Permaculture - the art of ecosystem hacking2014-02-02 00:00:00
Ecology is a complex and fascinating science. There is a lifetime of stuff to learn about even a simple functional ecosystem. Even if there's only one way for a pair of elements in a system to interact with each other, the number of interactions grows as the square of the number of elements. When you consider that there are innumerable ways in which things can interact with each other, you end up with infinity squared as the configuration space you're trying to figure out. Yet even with that, it's still possible to learn enough to make some amazing functional changes in a very short time. Permaculture is the study of how to do that, and in this post I'll outline its core ideas.
Living System Technology
I have a very loose definition of technology - matter organized into an unlikely configuration to make life easier for people. In that sense, designing an ecosystem is definitely a form of technology, and that's what permaculture is all about. More specifically, it's about designing an ecosystem in which humans are an important functional element. This is one of the places where permaculture diverges from a lot of other environmental movements - the goal here isn't to eliminate the impact of humanity on Earth. Instead, we're trying to tweak the living systems around us so that we can be supported comfortably while also boosting the vitality of the world around us.
The reason I think of permaculture as ecology hacking is that it's very much an exercise in applied Pareto theory. If you're hazy on what that might mean, it's basically the idea that you generally seem to get 80% of the benefits from 20% of the work you do. It's an idea that I think underlies the hacker/maker mindset in general, and permaculture is an attempt to apply it to the world of living systems for long-term human benefit.
It's really about connections
Ultimately, the study of permaculture (and ecosystem ecology as I understand it) is mostly about the connections between things rather than the things themselves. We work with plants, animals, people, and structures, and the whole trick to the design is how we place them with respect to each other. There are a number of techniques to be used here, but ultimately what we end up with is a big, robust, and mostly passive system that happens to be made up of things we have use for.
If you think of a forest, it gets along just fine by itself. The identity of the forest is not in the individual plants and animals present at any given time, because they are constantly sprouting, growing, and dying. The identity comes from the pattern of connections that leads to an overall behavior, which is what we call a forest. Millions of different living things coexist in the space, each making minute adjustments to the balance of nutrients, energy, and the flow of resources. In aggregate, they create something that is self-sustaining.
Yields and Needs
One of the best ways to understand permaculture is through understanding a little slogan: "Any input not provided by the system is work, and any output not used by the system is pollution." As permaculture designers, we therefore strive to avoid work and pollution, and to do it by designing functional systems.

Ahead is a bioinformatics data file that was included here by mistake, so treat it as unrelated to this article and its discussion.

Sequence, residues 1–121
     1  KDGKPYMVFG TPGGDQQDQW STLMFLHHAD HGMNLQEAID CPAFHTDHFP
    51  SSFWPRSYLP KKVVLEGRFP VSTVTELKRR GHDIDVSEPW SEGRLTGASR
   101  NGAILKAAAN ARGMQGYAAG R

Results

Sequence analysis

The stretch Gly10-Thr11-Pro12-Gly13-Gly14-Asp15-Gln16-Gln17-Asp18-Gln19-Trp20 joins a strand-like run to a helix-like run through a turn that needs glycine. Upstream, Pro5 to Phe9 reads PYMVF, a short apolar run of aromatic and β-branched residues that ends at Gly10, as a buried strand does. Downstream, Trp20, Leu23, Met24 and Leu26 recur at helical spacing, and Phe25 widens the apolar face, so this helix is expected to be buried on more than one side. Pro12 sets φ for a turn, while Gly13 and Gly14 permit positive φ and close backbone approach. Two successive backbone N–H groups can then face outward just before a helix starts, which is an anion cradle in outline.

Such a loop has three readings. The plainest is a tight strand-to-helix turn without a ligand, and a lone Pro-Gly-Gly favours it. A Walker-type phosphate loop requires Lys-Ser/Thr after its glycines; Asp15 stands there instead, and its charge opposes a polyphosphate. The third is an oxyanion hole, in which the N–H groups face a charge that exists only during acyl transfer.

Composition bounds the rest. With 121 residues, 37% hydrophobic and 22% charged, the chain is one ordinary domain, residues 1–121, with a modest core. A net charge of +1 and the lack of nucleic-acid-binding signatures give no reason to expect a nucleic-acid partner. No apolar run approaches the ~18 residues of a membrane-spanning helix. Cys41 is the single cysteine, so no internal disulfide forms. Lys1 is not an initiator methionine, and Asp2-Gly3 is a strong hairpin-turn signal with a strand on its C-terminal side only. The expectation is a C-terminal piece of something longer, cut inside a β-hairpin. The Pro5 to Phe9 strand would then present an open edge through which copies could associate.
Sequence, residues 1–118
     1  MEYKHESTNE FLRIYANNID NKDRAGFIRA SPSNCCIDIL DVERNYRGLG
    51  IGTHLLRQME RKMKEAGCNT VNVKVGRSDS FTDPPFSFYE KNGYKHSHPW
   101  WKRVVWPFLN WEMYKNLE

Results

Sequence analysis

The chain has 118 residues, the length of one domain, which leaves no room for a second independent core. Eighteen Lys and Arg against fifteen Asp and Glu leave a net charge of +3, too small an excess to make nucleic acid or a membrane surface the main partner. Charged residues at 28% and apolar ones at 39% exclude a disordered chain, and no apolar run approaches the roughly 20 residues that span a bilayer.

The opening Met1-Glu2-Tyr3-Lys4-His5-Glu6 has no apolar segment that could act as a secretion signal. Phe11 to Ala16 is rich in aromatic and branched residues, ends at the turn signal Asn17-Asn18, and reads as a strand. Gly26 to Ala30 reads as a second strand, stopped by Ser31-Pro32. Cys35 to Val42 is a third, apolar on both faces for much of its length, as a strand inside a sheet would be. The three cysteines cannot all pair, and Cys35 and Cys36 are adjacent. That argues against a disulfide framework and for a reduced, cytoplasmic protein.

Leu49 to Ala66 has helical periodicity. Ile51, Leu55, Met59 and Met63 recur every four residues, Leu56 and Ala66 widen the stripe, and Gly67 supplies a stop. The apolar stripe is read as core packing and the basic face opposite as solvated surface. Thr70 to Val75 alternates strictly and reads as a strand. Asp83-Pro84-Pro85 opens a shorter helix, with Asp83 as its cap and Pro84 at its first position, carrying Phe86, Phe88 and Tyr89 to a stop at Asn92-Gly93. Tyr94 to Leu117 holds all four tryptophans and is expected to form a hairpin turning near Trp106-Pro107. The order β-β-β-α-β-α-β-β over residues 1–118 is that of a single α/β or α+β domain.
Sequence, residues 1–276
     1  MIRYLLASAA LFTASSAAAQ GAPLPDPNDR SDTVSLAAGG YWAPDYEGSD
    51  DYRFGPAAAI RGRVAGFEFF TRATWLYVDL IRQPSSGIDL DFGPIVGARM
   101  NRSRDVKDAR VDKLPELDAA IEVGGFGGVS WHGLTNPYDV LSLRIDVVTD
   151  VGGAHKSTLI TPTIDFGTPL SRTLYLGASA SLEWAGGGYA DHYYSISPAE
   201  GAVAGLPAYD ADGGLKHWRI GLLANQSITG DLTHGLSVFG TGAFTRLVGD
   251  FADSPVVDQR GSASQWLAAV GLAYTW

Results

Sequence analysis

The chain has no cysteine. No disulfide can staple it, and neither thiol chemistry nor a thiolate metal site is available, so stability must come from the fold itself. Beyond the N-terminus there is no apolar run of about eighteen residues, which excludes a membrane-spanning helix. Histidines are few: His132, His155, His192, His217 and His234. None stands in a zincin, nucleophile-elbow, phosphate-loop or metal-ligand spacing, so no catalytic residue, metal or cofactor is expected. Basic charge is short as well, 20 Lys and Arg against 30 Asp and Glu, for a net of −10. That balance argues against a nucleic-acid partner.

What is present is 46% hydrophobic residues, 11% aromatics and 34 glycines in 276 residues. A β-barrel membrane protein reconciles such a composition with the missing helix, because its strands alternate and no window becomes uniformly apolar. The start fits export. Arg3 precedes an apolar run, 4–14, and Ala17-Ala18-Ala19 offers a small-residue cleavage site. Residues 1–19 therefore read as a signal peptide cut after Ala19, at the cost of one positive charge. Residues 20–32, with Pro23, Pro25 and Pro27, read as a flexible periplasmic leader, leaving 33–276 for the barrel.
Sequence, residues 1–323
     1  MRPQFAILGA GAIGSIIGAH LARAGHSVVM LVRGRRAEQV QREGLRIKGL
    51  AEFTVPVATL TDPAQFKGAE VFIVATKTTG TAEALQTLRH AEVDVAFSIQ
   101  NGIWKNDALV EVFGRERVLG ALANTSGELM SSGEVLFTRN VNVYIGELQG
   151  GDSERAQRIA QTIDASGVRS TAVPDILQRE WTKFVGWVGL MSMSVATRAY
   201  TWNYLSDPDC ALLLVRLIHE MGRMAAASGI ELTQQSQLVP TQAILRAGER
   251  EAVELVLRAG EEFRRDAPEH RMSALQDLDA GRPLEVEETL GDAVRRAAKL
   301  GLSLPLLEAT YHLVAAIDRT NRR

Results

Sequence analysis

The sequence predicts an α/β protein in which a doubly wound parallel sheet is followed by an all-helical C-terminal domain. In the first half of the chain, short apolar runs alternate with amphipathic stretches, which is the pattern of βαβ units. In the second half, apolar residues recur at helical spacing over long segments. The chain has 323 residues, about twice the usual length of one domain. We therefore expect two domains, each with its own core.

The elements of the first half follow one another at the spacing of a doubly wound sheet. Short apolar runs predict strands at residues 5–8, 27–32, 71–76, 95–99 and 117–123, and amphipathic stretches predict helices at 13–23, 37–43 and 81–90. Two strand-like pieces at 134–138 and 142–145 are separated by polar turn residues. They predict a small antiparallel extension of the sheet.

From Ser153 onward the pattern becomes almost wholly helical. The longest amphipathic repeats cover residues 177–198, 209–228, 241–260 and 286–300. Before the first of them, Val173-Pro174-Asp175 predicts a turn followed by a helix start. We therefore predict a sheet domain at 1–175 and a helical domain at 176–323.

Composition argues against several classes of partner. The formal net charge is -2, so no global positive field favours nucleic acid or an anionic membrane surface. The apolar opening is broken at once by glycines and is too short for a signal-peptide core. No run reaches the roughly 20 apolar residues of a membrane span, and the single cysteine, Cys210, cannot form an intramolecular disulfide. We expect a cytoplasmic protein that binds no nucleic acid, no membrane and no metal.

When you get right down to it, systems are made up of components. Each component (e.g. tree, lizard, tractor) has things it needs and things it produces. The art of a good permaculture design is in buliding up a system where the needs of all of the components are met by other components, and all of the outputs are used up within the system. If you make sure to include yourself in this system, then you end up with a setup that meets your needs mostly automatically, which is pretty handy. That's the Pareto Principle applied to ecosystems: Put things next to each other so that they deal with their own inputs and outputs as much as possible, and let the system evolve to handle the details.
I'll have a lot more to say about the details of how this is done as time goes on in this project, but for now I just wanted to introduce the concept so that I can bandy the term about with impunity.
Permaculture's role in the future
Because of its elegance and the fact that it builds permanent, mostly passive support systems for people, I think that permaculture is a core part of the foundation of any viable future society we might dream up. It won't look like it looks today. Permaculture today is unfortunately in a similar stage of development to where computers were in the 80's - only uber geeks know about it and practice it, and they sometimes don't fit well in mainstream culture. However, just like computers were, permaculture is so deeply revolutionary that it'll be everywhere in the future after we work out how to integrate it into the world of non-early-adopters.
We don't have to worry about that right now though, because we are the early-adopters. We can build these passive support ecosystems all around ourselves, and permanently free ourselves and our descendants from the yoke of working just to stay in the same place. When you live in a garden of eden, you naturally have more time for the stuff that really matters, like tinkering, playing with your kids, and learning things. That's the lifestyle we're aimed at, and permaculture is a big step on the path.